Word choice

Why do writers use some words and not others? This lesson looks at word choice options, both grammatical and semantic.

Goals

  • Explore possible word choices for some example sentences.
  • Identify the grammatical restrictions on word choice in particular examples.
  • Identify the semantic restrictions on word choice in particular examples.

Lesson Plan

In this resource we will have a look at some examples of different writers’ work and think about some of the reasons why particular words might have been chosen. To do this we will think about some of the choices available to writers and some of the grammatical patterns that have an impact on those choices.

Activity 1 can be found in the menu entitled 'This Unit' on the upper right part of this page, and can be displayed on a projector or smart board. This activity walks you through a discussion of three example sentences, reproduced below. Students should first think about what words might go in each slot. Their knowledge of the world and society, and of word meaning, as well as their implicit knowledge of grammar, will all influence their decisions.

  • She
    wore
    the
    most
    beautiful
    BLANK
  • After
    the
    rain
    had
    stopped
    we
    BLANK
  • The
    things
    they
    had
    shouted
    made
    him
    very
    BLANK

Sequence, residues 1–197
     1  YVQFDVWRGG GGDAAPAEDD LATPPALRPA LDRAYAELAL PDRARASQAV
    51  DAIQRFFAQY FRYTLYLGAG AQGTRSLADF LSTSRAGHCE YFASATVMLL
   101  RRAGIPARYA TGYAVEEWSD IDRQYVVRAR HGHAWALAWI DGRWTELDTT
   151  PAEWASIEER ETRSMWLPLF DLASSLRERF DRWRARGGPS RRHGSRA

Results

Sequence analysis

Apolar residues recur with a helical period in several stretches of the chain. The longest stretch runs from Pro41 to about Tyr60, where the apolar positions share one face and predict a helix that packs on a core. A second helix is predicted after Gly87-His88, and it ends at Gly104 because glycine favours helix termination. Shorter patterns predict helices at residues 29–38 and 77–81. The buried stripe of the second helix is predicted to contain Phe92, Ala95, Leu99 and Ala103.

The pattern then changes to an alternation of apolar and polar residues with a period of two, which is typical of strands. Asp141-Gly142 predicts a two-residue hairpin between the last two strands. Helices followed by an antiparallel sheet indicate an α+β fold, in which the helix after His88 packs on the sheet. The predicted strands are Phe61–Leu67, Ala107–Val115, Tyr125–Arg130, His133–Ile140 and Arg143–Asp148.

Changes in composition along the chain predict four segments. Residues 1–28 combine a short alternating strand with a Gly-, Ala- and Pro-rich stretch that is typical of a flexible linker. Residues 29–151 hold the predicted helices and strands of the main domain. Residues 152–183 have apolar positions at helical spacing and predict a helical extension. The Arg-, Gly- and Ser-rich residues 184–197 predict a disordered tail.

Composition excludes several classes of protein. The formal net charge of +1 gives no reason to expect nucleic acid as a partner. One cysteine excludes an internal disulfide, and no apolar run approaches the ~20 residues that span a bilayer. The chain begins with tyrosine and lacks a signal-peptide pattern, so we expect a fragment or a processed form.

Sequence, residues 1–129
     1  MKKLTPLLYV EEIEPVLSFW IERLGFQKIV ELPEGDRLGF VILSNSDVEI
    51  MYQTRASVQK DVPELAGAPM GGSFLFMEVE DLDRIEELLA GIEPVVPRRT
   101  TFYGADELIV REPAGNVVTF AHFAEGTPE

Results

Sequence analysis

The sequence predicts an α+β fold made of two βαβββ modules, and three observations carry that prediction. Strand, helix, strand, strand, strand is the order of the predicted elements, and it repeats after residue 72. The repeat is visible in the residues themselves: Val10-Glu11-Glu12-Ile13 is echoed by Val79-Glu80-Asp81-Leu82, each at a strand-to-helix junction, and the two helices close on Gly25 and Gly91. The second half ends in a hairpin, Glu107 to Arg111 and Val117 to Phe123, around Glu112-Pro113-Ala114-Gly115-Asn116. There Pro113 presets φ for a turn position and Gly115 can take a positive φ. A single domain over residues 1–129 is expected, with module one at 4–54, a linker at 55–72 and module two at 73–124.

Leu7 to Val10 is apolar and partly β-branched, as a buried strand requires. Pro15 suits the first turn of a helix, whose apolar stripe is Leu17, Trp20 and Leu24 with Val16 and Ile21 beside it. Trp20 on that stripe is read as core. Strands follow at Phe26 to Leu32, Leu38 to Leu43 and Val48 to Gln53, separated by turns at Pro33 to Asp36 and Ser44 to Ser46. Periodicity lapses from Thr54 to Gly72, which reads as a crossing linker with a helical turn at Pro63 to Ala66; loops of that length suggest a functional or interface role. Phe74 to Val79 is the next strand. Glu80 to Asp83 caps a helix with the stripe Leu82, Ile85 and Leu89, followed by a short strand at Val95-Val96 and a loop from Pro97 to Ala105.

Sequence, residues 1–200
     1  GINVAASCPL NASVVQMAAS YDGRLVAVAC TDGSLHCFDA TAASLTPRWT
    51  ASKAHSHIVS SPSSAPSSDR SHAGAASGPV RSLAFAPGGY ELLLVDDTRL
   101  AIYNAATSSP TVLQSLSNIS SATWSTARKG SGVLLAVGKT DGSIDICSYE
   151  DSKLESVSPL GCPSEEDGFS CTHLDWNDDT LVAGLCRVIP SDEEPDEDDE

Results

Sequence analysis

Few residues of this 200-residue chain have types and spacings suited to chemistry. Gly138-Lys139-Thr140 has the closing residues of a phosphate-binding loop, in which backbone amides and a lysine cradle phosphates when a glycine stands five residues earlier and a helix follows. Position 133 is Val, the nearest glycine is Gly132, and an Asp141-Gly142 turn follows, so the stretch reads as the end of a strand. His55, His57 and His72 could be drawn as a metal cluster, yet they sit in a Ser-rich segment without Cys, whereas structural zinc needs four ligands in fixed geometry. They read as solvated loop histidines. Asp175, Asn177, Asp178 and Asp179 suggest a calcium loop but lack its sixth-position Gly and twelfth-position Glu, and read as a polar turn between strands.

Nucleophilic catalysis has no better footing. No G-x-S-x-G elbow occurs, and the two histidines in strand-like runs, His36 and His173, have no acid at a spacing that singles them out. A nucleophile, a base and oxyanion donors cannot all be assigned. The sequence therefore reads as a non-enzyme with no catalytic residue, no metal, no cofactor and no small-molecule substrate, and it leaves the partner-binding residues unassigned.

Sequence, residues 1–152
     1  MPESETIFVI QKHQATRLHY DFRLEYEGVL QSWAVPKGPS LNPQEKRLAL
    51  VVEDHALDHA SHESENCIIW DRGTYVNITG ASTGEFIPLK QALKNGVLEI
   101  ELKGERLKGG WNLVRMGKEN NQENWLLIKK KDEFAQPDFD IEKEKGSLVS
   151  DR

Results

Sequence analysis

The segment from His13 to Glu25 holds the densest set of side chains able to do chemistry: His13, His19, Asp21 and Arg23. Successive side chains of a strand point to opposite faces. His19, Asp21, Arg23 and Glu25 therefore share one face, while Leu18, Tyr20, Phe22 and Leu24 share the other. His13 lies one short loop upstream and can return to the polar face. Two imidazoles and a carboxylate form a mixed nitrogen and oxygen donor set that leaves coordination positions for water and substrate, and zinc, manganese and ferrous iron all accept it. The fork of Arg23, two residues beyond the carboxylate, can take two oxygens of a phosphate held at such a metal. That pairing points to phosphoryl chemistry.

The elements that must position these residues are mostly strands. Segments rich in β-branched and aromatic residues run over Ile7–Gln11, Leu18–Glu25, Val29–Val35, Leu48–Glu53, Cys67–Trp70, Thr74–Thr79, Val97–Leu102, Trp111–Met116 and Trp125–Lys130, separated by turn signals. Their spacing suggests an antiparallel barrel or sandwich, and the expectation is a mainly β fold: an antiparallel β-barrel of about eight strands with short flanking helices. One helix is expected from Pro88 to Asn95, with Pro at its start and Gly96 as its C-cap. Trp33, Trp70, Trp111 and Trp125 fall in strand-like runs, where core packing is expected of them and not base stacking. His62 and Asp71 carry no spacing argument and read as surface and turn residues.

Whatever word they have used to fill each gap, there will be grammatical limitations on what will work, as well as limitations connected to meaning and what is normal in our society.

The next slides explore what is acceptable grammatically and semantically. Go over these slides before class and then use them to walk through the key points with your students.

In Activity 2, also accessible in the right hand menu, students are presented with two text extracts and asked how the writer may have chosen his or her words. The extracts appear below, and on the activity slides.

My earliest memories are a confusion of hilly fields and dark, damp stables, and rats that scampered along the beams above my head. But I remember well enough the day of the horse sale. The terror of it stayed with me all my life.

From Michael Morpurgo, Warhorse

What you might have noticed with this extract is that the author uses a mixture of adjectives, abstract nouns and verbs to precisely paint a very visual picture of his narrator’s memories. The use of the adjectives hillydark, and damp as part of two noun phrases helps describe the scene clearly, while the use of the superlative adjective earliest shows us that this is the first memory the narrator has. Could nouns have replaced these adjectives? Verbs? How about hilliest or darkest instead of hilly and dark? The verb scampered is effective, because it captures the movement of the rats, while two abstract nouns, confusion and terror, convey the central feelings related to the memories. Could adjectives or adverbs have replaced those nouns?

An exceptionally funny and generous book that is also a tightly plotted detective novel.

From Louis Sachar, Holes

In this extract, the positive impression is created by adjectives and adverbs. The book is described using the adjectives funny and generous, while they are modified by the adverb exceptionally. Another adverb, tightly, is used to modify the adjective plotted in the noun phrase a tightly plotted detective novel. What other words could the writer have chosen? What other word classes could the writer have chosen?

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